The weather is gorgeous outside, no?
The sun rays and breeze makes me want to chill in a hammock with a good book. How about you?
Well, it’s the time of year as student wind down. Teachers are packing up their classrooms, students are ready to hit the beach, and many are planning their summer vacations.
But what about continuing their education?
Betty, seriously, girlfriend. It’s summer time. Relax and rejuvenate.
Let me tell you how you can have summer fun, while continuing the education mojo from the school year.
Summer Reading Programs!
Now summer reading programs differ from region to region, and I will share with you places that we go:
We are huge Barnes and Noble fans. We’ve been going to the same Barnes since Piano Man was born. The ladies known him since he was about a year old. Doesn’t that tell you how much we enjoy going to Barnes?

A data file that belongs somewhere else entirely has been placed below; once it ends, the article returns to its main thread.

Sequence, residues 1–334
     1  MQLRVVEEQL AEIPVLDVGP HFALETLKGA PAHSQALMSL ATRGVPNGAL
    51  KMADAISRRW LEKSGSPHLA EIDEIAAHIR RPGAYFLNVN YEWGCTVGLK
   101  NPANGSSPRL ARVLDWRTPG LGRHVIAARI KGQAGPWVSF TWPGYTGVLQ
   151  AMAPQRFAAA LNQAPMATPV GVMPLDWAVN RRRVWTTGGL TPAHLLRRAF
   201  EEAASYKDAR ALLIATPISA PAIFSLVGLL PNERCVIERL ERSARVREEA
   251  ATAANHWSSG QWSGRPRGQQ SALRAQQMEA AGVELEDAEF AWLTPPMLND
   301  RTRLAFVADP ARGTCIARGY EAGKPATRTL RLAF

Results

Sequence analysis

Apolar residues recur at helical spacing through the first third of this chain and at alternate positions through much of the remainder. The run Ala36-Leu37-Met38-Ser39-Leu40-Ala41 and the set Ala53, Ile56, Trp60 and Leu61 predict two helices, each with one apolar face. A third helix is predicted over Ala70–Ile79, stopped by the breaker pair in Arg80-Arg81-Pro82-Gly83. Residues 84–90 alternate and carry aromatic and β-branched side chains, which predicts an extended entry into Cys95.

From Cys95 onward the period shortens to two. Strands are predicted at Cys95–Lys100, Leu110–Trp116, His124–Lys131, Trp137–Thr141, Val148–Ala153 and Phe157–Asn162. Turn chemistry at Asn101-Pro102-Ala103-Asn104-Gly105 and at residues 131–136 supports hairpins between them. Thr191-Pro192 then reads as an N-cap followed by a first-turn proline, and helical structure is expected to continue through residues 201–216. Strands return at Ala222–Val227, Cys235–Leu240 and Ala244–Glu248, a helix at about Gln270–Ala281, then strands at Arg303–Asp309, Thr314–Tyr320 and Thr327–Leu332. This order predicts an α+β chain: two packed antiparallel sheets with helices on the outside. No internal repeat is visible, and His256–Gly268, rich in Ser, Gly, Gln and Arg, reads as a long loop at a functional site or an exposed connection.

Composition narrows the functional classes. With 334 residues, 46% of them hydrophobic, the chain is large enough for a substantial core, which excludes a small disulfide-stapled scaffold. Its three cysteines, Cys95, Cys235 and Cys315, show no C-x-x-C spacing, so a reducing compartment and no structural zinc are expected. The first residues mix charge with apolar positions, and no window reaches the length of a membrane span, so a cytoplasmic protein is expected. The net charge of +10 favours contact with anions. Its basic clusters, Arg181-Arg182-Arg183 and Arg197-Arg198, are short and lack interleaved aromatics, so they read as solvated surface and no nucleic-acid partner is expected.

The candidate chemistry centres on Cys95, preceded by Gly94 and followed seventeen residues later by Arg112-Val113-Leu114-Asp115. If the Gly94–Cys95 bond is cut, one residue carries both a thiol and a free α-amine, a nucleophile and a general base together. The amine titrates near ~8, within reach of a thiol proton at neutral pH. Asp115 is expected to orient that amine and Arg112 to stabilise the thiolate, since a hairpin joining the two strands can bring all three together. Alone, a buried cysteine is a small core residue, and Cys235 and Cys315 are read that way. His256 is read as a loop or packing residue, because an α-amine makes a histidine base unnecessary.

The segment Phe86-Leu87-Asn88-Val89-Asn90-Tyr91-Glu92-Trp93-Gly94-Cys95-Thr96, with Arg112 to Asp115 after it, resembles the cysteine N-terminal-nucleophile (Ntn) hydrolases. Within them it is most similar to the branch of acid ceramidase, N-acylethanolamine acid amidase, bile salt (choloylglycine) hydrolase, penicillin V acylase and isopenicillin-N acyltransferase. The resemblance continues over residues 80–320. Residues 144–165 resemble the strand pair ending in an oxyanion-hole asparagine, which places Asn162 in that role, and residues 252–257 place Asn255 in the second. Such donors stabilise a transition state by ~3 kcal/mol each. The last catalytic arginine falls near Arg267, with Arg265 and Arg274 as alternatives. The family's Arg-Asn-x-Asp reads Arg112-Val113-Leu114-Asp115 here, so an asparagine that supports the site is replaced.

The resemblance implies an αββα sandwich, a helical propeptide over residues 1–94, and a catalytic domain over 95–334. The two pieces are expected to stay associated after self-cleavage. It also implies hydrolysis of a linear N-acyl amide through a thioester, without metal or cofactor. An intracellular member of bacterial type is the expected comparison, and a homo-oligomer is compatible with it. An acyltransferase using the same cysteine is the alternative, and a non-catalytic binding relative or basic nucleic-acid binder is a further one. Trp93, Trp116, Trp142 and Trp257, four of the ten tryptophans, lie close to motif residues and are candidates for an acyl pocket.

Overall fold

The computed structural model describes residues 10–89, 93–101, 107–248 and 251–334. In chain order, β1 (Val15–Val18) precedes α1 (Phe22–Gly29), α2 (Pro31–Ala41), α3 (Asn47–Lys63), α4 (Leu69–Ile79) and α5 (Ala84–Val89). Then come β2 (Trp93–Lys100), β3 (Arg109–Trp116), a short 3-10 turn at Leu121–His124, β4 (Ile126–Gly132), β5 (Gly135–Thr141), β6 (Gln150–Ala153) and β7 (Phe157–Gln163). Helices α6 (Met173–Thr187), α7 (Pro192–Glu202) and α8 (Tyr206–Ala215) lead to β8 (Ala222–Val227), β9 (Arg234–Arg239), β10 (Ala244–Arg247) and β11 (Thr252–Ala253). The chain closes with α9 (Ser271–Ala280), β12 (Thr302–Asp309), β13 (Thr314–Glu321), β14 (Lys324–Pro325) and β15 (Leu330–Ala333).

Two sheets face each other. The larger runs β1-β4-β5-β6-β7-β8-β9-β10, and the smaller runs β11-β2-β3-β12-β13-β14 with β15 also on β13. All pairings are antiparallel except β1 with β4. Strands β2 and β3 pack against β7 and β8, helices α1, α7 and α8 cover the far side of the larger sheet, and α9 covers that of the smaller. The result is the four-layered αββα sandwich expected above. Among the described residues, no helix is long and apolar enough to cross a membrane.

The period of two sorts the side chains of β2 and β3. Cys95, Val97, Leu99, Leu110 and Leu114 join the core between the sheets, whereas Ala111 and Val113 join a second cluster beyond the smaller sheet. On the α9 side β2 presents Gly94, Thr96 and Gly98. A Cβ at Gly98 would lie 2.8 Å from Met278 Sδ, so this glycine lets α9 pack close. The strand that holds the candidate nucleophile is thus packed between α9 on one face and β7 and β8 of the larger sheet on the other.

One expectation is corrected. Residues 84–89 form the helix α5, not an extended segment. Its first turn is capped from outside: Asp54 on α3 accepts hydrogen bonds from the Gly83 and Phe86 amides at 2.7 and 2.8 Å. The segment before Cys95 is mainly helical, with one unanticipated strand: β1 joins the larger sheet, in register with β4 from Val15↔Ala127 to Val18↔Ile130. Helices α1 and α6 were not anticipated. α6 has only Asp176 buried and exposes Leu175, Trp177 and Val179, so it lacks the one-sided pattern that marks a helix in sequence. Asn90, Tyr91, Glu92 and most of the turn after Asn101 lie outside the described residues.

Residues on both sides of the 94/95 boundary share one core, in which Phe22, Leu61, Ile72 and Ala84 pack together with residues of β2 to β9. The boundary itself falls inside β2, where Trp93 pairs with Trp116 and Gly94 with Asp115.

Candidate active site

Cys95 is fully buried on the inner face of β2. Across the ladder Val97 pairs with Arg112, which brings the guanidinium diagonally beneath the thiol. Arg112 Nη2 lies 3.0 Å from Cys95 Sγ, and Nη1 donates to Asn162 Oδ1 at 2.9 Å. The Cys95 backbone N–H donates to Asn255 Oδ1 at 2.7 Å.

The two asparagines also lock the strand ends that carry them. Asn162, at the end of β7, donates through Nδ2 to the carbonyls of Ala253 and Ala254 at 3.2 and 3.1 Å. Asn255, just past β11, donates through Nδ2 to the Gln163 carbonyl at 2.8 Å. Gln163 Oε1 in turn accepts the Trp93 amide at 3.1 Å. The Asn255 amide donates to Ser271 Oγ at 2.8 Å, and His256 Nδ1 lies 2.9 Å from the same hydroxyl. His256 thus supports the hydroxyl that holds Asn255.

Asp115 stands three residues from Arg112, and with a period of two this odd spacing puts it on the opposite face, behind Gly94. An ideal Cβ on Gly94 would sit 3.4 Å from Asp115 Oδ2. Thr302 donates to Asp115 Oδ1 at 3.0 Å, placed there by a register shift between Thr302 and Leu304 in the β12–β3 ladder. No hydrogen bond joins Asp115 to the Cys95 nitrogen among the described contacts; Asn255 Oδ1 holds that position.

Every summer, Barnes and Noble offers a reading program. Kids can write down their list of books and turn it in to get a book (from their reading program list) for free. In past years, each child would have to read 8 books and turn in the form. Last year, Piano Man picked up an Amulet book (free from summer reading program). Then we bought the other six books to complete his collection.
This year’s program works a little differently. Your child will write down four titles and the author’s name based off a set of questions listed on the form. However, the sales associate mentioned that you can write down any four books to receive credit.
While I am surprised to see a shorter number of books required this year, I think it will help encourage young readers to accomplish their goals and read a free book. And isn’t that the point of reading? To encourage young minds and read more?
Baker Book House is probably my all-time favorite summer reading program. This local book store encourages the length of time a child reads, not based on the number of books or pages. It is also the most rewarding. Combine a Baker Book House in-store coupon with their summer reading rewards, our kids can get the most bang for their buck. Our boys have been able to purchase books, puzzles, and activity sets in one transaction.